Women like Orshansky, writes O’Connor, “found job opportunities in federal government and other ‘applied’ endeavors when university jobs were largely closed off to them, although within government they were often clustered in research bureaus focusing on such traditional ‘women’s’ concerns as social welfare, female labor force participation, families and children, and home economics.”


Those 13 years Orshansky spent in the agriculture department had a colossal effect on who would be counted as poor for the next several decades. During the statistician’s tenure as a “family economist,” she worked with household food consumption surveys, laying out plans for how much a family could spend to maintain a “nutritionally adequate” lifestyle, down to how many potatoes and how much meat it could afford. In her 1963 paper, she drew on the department’s thrifty food plan,” the lowest-cost estimate, multiplied by three, to calculate how much a family needed to earn to survive—and even then, pointed out that the food plans she used drew on data collected nearly 10 years prior.

But six months after her paper was published, Lyndon B. Johnson declared the War on Poverty, and Orshansky’s report landed on the president’s desk as part of a briefing. Eager for metrics to prove its success, the administration adopted the “Orshansky index” in its newly formed Office for Economic Opportunity as the official measurement. Beginning almost immediately, Orshansky and others in the SSA would argue for, at the very least, updating the index with more recent nutritional data, if not taking another look at the poverty line’s underlying assumptions. But they were foiled, first by other government agencies taking charge of the “poverty issue,” then by the Nixon administration, which immediately upon taking office issued a memo making the Orshansky poverty line the official federal count.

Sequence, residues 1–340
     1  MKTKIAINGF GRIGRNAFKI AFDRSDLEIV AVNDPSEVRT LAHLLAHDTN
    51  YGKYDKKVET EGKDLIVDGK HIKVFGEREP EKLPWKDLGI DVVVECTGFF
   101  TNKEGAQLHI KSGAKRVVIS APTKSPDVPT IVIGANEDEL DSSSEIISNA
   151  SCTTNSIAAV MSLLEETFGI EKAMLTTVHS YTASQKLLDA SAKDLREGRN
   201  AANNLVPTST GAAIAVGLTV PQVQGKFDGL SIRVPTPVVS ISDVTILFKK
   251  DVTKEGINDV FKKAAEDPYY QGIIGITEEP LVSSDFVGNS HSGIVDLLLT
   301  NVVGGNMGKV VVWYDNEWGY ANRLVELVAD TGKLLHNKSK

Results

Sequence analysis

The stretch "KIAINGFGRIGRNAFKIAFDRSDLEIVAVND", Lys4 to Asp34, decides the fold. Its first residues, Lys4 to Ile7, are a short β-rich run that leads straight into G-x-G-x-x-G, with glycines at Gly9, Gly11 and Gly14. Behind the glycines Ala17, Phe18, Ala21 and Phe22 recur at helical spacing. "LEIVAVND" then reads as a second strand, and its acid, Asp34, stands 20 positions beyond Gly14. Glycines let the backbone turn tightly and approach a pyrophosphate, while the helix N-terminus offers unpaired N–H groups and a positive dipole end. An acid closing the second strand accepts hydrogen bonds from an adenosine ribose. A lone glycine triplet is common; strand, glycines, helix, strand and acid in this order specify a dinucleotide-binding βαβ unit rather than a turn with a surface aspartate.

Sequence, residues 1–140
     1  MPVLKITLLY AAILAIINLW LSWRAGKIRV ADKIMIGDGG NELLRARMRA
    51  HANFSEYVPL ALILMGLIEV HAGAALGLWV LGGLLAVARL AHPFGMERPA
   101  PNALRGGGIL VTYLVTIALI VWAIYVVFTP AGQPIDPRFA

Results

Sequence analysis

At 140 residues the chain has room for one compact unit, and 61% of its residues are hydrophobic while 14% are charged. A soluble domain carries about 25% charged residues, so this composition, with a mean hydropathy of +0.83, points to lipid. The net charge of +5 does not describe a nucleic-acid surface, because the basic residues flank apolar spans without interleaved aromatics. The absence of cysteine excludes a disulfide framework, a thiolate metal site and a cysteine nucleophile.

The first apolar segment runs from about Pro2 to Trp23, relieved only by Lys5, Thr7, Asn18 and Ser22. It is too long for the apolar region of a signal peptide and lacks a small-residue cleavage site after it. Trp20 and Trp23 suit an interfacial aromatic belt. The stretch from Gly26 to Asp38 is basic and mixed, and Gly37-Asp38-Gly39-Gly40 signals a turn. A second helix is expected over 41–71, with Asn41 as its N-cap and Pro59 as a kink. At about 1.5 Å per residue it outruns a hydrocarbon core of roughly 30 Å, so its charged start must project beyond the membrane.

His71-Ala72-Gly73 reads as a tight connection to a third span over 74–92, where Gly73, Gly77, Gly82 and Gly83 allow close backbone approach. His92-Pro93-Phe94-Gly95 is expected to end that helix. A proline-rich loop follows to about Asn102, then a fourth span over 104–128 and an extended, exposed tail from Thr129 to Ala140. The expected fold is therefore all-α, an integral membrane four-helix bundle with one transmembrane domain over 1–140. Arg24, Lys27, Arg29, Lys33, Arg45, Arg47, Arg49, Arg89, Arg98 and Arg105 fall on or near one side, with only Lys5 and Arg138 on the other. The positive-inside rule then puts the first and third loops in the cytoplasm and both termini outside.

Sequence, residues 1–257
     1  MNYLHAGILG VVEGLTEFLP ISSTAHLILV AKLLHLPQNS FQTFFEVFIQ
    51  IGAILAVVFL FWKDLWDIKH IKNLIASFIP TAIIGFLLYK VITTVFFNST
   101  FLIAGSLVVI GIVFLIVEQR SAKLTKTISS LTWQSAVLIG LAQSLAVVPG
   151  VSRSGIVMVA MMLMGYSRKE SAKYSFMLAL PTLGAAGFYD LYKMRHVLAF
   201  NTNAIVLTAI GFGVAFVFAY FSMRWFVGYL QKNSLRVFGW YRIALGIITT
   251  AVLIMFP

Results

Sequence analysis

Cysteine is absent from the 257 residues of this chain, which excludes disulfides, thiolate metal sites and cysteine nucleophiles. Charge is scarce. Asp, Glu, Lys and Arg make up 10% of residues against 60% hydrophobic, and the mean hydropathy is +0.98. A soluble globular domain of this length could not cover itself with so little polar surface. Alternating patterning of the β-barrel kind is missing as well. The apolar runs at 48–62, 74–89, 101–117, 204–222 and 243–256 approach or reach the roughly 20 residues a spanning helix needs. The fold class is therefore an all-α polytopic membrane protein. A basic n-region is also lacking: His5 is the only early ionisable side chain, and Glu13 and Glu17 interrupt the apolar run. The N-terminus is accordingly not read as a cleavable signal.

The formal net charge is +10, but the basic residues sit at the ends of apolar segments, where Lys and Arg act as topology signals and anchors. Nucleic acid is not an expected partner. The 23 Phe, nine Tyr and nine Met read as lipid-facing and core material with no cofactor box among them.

In a 1976 report to Congress, Orshansky, along with others at the SSA, recommended a number of changes. In an “Orshansky Update” the statistician herself recommended reconsidering which food plans were considered “adequate,” as well as the appropriateness of counting nutrition as a third of one’s income. By way of example, she wrote, if groceries comprised of even one-fifth instead, it would “more than double the official poverty thresholds and would include about one-third of the population as poor.” But despite attempts that year, and in others, to bring into question the math that determines who’s poor, the overhaul never happened. As Rebecca Blank, the former commerce secretary who led the push for the supplemental poverty measure first deployed in 2011, told NPR, the poverty line became a “very politically substantive measure” once it was drawn. “No president wants to be the person who redefines poverty and poverty goes up on their watch.”

Orshansky died a few years ago at 91 but, as the poverty metric she helped create fell out of favor, became the subject of commentary from tasks forces and think tanks. In 1995, the National Academy of Sciences, she continued to begrudgingly answer for the research tool she created. “If someone has a better approach, fine,” she told an interviewer in 1999. “I was working with what I had and what I knew.”


Or, more recently, as was quoted in her 2007 New York Times obituary: “The best that can be said of the measure, is that at a time when it seemed useful, it was there.”